Finally, Pelegrina showed how Vietnam is a case of up-scaling of Farmers' Rights as local initiatives on farm conservation and development of plant genetic resources are implemented in 550 communities in 26 provinces. The local experiences of the development of farmers' varieties have motivated a process of rethinking seeds program at the provincial level and the relationship between Farmers' Rights and Plant Variety Protection regulation as the PVP laws were drafted without consulting farmers. To combat this weakness of the PVP law, a Decision on Regulations on on-farm PVP was adopted in February 2008 aiming for the registration of farmers' varieties.


Discussions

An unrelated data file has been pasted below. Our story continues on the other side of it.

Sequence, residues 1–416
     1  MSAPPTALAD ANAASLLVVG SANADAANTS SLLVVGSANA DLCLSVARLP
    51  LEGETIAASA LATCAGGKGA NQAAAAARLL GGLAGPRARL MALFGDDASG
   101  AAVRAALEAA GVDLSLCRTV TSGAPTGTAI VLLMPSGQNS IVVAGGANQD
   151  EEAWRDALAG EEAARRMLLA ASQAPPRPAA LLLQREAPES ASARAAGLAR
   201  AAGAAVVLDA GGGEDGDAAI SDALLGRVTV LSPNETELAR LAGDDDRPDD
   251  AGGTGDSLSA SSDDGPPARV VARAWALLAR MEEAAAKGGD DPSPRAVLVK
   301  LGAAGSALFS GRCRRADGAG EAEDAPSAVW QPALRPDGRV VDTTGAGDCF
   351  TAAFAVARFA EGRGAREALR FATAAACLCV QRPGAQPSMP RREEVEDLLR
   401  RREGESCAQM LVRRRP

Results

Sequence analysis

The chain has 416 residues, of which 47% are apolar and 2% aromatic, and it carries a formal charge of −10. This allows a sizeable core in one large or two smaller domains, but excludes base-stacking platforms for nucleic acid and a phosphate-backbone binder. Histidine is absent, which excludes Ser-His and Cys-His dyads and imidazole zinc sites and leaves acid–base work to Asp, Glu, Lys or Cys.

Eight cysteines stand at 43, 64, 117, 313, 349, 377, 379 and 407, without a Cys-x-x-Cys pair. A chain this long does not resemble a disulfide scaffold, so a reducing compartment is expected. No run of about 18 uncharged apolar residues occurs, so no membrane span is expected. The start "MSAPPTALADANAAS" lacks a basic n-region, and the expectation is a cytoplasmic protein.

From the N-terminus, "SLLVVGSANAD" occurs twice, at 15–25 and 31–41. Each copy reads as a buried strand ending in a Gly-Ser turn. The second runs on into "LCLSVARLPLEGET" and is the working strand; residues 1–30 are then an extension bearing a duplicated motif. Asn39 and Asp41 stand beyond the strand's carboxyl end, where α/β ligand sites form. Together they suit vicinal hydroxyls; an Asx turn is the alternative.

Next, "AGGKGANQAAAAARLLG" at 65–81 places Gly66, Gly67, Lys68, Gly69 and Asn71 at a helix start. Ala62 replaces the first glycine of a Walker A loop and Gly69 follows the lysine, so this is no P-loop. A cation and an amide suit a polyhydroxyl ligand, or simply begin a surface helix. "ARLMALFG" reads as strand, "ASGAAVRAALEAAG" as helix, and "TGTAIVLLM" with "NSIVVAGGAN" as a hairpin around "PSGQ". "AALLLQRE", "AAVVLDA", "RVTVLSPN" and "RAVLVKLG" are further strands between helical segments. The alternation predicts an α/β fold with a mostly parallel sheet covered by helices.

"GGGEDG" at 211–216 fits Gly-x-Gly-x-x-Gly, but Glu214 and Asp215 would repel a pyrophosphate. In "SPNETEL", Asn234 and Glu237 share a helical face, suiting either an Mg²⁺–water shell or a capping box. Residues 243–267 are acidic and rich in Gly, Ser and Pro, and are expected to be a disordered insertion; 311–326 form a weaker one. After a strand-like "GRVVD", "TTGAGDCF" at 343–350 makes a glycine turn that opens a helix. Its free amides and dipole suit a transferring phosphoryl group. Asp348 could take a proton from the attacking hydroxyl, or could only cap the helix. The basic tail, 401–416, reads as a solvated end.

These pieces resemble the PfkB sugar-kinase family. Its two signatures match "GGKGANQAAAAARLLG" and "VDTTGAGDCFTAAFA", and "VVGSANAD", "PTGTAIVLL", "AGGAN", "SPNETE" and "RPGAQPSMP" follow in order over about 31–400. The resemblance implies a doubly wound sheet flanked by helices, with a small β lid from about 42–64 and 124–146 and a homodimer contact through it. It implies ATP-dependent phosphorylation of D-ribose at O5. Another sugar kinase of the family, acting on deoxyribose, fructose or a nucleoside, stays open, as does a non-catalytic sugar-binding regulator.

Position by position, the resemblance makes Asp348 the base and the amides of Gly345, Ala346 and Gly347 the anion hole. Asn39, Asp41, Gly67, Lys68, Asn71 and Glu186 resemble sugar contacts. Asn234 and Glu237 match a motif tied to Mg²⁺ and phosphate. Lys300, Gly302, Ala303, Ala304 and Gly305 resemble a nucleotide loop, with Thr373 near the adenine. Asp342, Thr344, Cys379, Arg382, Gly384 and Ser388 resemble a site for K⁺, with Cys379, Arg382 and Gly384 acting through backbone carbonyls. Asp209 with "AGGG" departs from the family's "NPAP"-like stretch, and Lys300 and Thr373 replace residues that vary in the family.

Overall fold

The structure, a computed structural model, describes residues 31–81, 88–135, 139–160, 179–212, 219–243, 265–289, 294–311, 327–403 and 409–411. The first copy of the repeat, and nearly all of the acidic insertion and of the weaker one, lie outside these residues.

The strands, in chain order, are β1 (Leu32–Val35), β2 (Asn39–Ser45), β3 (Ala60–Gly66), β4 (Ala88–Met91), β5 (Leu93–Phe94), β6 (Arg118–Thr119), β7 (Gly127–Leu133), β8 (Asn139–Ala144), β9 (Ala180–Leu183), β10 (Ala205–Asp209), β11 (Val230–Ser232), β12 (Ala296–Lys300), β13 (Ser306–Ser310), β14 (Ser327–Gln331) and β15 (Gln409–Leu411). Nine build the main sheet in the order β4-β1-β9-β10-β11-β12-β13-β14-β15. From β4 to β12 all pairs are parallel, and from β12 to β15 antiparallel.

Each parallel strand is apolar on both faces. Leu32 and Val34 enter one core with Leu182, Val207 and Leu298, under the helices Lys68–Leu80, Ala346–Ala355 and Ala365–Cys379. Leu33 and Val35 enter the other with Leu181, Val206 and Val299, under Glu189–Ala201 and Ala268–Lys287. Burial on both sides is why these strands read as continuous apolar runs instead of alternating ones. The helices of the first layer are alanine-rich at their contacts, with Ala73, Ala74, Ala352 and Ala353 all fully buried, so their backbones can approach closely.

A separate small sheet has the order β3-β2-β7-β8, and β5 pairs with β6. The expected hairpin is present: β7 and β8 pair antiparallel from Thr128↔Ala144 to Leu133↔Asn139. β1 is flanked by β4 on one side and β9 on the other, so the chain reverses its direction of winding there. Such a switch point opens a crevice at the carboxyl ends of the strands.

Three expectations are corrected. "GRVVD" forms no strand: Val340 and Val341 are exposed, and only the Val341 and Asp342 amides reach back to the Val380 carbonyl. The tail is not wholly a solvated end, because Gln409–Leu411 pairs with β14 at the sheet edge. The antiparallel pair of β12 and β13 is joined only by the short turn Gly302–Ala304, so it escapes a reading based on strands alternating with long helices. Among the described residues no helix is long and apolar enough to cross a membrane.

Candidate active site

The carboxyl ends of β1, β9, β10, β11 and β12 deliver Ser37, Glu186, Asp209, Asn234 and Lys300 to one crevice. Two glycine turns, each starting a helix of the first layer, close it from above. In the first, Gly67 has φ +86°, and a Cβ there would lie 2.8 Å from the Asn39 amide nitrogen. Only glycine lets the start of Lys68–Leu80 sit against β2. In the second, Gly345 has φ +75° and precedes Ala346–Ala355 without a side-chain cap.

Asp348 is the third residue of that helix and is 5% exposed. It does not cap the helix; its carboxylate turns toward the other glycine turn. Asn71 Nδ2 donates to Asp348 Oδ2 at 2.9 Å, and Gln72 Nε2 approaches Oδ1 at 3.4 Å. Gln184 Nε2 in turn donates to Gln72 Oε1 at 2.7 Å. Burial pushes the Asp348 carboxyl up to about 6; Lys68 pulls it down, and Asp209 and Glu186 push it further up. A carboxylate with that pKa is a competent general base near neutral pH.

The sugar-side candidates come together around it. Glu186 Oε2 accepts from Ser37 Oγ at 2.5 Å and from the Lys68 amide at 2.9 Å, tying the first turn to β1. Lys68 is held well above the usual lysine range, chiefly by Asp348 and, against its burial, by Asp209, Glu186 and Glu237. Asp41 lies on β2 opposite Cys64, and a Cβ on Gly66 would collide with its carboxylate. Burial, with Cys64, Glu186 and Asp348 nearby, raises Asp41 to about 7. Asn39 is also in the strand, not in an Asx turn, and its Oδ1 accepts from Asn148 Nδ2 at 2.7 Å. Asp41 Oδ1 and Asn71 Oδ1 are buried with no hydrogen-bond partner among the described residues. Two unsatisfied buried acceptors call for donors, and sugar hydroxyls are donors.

The side event was concluded with an open discussion among all the participants. Regassa Feyissa from Ethio-Organic Seed Action (EOSA), Ethiopia, pointed out the challenges created by the lack of clear definition of Farmers' Rights in the International Treaty on Plant Genetic Resources for Food and Agriculture (ITPGRFA) and his concern about the role of industry and their lack of clear obligations to share benefits with farmers. Morgan Ody from Via Campesina reminded the meeting that farmers are the main breeders of the world creating far more varieties than industry. She considered the ITPGRFA to be a dynamic and positive agreement, but raised concerns about the fact that compulsory benefit sharing was linked to patents as this is incompatible with the realization of Farmers' Rights. She was also worried about how free trade agreements with developing countries reduce their opportunities to implement Farmers' Rights. Finally, she stressed that Farmers' Rights are strongly linked to the right to land and water. If farmers disappear, agricultural biodiversity will inevitably also be lost.